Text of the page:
Contract awards that are based on cost or pricing data are subject to TINA (Truth in Negotiations Act) if they exceed $700 thousand. Essentially, TINA requires contractors to submit to the Government, current, complete, and accurate cost or pricing data in connection with negotiating contract prices. If it is discovered later that the contractor withheld or didn't otherwise submit all cost or pricing data that could have impacted the negotiated price, TINA gives the Government the right to take back some of the contract price.
The Government has a program to review awarded contracts to see if they are in compliance with TINA. Obviously the Government cannot review each and every award so they use a risk-based approach to select contracts for review. Awards that exceed a certain threshold, currently $100 million or more, are automatically selected for review. Everything else is thrown into buckets for judgmental sampling. Note the term "judgmental". Contracts are not randomly selected - there's usually some reason why a particular contract is selected for a review.
One of the primary tools the Government uses to select contracts for review is the "Defective Pricing Lead Sheet". This is a two part analysis. Part 1 is completed after the contractor's price proposal has been audited and Part 2 is completed after receipt of the Government PNM (Price Negotiation Memorandum). A PNM is the Government's view of what happened during contract negotiations. Each Part has a series of questions and concludes with a numerical "Defective Pricing Potential" score on a scale of 1 to 10 with 1 being "Not Probable" and 10 being "Probable".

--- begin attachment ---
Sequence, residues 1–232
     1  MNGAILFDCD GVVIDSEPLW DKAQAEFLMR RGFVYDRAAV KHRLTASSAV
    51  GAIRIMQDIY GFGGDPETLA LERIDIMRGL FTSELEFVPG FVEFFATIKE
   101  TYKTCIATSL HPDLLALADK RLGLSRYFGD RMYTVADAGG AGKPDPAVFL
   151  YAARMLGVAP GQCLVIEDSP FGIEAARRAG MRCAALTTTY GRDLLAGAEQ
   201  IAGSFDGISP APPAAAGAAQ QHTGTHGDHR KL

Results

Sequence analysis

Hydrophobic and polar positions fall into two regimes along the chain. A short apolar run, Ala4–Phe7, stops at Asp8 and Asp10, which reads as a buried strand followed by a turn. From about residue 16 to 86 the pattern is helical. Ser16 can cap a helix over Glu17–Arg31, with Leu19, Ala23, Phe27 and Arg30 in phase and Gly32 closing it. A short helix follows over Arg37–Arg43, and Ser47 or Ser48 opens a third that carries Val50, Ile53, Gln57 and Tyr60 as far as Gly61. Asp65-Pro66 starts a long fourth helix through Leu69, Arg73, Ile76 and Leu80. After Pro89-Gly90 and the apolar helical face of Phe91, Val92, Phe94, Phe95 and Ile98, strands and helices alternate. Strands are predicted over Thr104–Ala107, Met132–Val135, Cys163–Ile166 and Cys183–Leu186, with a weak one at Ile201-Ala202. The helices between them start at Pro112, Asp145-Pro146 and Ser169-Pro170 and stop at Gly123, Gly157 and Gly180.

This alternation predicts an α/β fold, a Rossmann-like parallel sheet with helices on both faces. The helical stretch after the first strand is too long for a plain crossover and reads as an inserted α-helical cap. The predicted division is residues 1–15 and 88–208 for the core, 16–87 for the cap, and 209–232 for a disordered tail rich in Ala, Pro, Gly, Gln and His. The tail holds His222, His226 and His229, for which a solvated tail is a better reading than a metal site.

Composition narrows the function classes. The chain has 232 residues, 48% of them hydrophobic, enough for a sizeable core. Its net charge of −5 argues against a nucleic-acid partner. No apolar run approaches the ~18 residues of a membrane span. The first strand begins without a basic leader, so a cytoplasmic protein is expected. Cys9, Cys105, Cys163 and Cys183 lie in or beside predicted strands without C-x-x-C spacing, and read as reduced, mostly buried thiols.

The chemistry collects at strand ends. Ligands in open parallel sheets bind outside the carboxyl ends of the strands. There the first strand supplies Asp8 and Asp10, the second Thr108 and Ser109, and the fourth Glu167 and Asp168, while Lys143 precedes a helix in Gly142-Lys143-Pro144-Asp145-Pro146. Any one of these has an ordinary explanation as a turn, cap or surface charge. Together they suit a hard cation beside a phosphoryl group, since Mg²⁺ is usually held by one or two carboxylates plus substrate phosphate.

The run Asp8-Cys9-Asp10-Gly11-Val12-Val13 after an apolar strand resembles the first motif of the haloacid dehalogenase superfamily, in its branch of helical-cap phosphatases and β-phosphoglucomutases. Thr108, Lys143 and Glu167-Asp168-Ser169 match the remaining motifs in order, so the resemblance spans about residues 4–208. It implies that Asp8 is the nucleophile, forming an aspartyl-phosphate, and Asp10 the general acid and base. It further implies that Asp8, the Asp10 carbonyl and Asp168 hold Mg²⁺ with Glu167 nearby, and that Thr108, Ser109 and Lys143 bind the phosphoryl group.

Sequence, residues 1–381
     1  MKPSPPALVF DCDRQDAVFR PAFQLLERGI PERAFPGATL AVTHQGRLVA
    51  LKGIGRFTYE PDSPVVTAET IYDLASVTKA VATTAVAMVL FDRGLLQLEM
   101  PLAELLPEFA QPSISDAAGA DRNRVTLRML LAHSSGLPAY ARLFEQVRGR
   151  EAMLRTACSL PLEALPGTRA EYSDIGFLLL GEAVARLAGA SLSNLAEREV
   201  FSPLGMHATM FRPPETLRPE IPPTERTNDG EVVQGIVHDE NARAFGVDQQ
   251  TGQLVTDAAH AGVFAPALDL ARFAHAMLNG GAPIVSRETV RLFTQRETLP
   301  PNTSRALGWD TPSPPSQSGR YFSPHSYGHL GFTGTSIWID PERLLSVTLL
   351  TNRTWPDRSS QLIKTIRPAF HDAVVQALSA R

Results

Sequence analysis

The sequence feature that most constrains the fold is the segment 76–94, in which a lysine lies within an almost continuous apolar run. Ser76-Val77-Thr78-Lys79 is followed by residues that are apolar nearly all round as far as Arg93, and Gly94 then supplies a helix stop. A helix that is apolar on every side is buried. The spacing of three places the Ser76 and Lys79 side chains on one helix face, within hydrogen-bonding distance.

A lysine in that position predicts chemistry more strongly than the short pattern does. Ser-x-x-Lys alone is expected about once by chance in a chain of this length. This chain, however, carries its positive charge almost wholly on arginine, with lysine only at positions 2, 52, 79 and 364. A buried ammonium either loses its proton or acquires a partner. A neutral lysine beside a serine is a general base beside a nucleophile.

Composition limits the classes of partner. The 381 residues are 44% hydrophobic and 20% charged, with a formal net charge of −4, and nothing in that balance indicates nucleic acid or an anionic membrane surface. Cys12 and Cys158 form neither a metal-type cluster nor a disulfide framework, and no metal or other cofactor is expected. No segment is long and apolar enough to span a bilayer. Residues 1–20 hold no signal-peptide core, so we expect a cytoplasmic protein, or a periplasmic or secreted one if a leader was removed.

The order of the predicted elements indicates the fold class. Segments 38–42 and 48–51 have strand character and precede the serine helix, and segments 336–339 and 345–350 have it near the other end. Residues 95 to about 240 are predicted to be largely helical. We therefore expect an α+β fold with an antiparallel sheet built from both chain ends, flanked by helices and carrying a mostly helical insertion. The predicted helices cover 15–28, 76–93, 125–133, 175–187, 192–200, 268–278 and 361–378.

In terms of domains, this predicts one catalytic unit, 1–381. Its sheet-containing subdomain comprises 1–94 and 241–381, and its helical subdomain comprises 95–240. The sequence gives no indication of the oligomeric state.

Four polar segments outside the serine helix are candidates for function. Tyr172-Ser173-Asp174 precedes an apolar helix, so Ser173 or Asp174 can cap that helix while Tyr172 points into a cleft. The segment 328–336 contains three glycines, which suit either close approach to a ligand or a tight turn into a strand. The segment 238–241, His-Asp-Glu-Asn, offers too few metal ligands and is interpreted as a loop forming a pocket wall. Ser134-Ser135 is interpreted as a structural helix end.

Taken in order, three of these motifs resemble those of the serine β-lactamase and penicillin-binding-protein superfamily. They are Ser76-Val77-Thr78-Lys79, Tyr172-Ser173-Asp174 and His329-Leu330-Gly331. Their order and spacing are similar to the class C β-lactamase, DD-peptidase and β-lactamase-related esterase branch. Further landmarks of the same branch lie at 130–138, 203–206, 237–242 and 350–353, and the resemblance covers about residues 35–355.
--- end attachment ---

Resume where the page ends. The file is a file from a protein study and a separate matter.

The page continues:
Once completed, these Defective Pricing Lead Sheets are then used to decide which contracts should be audited for compliance with TINA - the higher the "probability" rating, the higher the potential for selection.
The Defective Pricing Lead Sheet is not the only basis for selecting contracts for post award reviews. Other factors include the adequacy of contractors' estimating systems and the frequency of past violations of TINA.
In the next two blogs, we will walk through the specifics of the Defective Pricing Lead Sheets, commenting on why certain questions, depending on how they're answered, could increase the probability of TINA violations.
Post a Comment